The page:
"This is a civilian area and they have killed four of the guards of this building," said Dr Shah Wali - an official for the group which runs de mining in one the world's most heavily mined countries.
The ATC is the main organization in Afghanistan responsible for removing landmines and unexploded ordinance -- dangerous reminders of years of war.
An international team of researchers supported by UNICEF and other organizations studied the social costs of landmines in Afghanistan in 1995. Their results?
- One household in 20 reported a land mine victim, a third of these dying in the blast. In Afghanistan, one adult male in every ten had been involved in a mine episode.
- Without mines, agricultural production could increase by 88-200% in Afghanistan.
- Households with a land mine victim were 40% more likely to have difficulty providing food for the family.
In November 1996, Agence France Presse reported that up to one person an hour is killed by landmines and shells in battered Kabul. Still more worrying is that children are the main victims of mines and unexploded ordnance (UXO) -- shells, rockets, bombs and bullets that have been fired but not yet detonated -- which cause horrifying injuries if they fail to kill, the US-based aid agency Save the Children added here. According to one survey, about 30% of mine victims in Afghanistan are children, most of whom die due to lack of medical facilities.
I wonder how many of the mines and how much of the unexploded ordinance is from the US? Seems hard to believe that we let these people fight our war against the Soviets for us, then let them suffer for nearly twenty years, as they tried to rebuild their country in the middle of a war zone... a minefield. These Afghanis were our Freedom Fighters, armed with our Patriots... and every other weapon we could give them.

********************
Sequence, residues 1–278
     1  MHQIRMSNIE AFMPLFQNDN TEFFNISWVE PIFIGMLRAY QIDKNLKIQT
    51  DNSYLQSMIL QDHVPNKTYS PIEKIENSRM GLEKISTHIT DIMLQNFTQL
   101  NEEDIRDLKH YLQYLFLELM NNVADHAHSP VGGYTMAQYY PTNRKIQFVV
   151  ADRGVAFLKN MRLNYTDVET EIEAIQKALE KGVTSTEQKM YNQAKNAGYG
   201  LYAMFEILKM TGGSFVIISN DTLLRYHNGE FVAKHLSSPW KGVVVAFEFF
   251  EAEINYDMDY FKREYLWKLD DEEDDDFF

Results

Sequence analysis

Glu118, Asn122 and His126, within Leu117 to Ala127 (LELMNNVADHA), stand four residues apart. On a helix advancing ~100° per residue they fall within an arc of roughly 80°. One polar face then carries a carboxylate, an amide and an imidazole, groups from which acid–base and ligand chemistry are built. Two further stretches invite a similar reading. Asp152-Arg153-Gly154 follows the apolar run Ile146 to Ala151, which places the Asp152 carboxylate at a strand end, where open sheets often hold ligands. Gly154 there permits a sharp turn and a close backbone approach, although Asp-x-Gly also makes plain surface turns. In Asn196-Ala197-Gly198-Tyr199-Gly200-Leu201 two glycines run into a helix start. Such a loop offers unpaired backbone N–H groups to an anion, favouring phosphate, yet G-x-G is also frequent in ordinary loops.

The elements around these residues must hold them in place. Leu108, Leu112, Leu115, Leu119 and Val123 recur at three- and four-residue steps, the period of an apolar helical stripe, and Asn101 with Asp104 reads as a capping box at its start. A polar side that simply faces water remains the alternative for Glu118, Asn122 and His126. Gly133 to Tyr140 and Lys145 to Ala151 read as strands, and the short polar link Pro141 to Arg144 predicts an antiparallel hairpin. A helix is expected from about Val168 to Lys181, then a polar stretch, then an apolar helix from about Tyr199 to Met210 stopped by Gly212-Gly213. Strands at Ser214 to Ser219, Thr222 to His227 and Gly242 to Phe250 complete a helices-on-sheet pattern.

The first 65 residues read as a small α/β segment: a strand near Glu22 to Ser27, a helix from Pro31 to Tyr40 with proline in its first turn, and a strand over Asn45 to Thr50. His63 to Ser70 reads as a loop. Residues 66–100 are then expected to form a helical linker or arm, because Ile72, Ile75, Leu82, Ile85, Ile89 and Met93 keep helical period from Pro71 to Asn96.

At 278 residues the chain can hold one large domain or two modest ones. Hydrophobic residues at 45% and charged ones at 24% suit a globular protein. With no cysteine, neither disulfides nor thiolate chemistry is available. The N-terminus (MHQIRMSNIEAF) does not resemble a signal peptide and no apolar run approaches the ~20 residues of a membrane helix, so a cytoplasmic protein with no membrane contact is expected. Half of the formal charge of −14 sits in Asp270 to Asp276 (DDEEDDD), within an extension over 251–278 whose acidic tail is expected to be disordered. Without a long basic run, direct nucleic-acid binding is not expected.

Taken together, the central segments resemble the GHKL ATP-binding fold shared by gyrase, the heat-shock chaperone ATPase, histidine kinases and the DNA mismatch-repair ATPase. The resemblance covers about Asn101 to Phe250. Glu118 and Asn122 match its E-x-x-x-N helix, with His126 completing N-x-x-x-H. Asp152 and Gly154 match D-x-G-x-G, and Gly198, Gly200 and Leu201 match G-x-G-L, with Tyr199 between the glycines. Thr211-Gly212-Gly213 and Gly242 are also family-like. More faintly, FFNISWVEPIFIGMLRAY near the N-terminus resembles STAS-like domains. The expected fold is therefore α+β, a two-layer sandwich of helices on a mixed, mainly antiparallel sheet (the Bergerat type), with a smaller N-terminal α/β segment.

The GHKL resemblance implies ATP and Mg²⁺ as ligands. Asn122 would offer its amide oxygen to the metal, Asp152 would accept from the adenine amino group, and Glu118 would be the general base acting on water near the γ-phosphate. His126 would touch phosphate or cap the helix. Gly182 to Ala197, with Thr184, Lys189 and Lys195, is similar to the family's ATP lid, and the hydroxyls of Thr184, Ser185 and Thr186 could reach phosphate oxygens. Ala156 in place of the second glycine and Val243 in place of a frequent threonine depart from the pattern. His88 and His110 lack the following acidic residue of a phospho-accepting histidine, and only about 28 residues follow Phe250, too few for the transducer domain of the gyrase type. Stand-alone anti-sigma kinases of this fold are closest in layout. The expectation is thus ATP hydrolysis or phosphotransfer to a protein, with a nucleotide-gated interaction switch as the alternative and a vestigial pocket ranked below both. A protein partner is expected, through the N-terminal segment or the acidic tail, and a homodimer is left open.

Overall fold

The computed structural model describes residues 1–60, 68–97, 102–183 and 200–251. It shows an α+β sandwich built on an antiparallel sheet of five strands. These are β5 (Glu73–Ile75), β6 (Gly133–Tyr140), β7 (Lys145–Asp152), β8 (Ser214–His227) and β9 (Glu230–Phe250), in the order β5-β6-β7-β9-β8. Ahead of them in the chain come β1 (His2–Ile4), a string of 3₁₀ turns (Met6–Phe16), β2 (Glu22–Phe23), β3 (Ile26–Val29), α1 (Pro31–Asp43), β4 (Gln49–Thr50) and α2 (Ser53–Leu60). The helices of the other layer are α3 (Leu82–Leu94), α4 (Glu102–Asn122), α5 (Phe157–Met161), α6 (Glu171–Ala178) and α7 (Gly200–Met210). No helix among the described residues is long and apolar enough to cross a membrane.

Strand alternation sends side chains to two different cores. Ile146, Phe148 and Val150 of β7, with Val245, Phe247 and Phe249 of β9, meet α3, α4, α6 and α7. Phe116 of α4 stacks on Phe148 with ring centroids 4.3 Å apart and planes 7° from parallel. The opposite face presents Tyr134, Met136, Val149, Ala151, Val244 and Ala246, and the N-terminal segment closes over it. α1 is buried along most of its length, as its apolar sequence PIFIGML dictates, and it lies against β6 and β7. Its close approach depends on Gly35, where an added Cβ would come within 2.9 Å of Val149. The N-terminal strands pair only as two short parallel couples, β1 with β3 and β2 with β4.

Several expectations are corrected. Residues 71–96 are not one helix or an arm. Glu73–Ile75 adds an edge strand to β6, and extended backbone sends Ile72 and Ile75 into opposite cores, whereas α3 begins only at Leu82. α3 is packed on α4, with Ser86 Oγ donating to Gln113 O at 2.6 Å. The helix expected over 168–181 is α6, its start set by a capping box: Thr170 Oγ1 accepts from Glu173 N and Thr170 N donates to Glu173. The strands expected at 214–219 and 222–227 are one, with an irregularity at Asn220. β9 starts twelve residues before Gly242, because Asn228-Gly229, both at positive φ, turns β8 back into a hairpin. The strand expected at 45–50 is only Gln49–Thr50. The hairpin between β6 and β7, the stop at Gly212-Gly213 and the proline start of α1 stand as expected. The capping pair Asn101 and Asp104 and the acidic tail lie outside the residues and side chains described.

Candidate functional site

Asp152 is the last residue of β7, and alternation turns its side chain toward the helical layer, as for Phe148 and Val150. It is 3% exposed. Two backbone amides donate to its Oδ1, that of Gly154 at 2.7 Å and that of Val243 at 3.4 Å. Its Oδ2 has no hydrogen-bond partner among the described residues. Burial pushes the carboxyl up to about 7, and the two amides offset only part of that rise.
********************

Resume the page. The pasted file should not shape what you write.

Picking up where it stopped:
With an average life expectancy of about 40 years and a staggering mortality rate of nearly 26 per cent for children under five years of age, Afghanistan ranks among the most destitute, war-weary countries in the world, according to figures released yesterday by the United Nations Development Programme.
70 per cent of the Afghan population was estimated to be under-nourished, and only 13 per cent have access to improved water sources.
And we knocked out all the power in Kabul, too...
The UN are unable to supply the Afghanis with emergency food and supplies, and report a huge humanitarian disaster looming. They will need food and supplies for over 8.5 million people, over a third of the country.
So far, Washington has fired 55 cruise missiles at Taliban targets -- at about $1 million apiece, the cost of the missiles approaches the Taliban's $90 million budget for last year. Maybe, under the circumstances, we would be better off bombing them with dollar bills instead.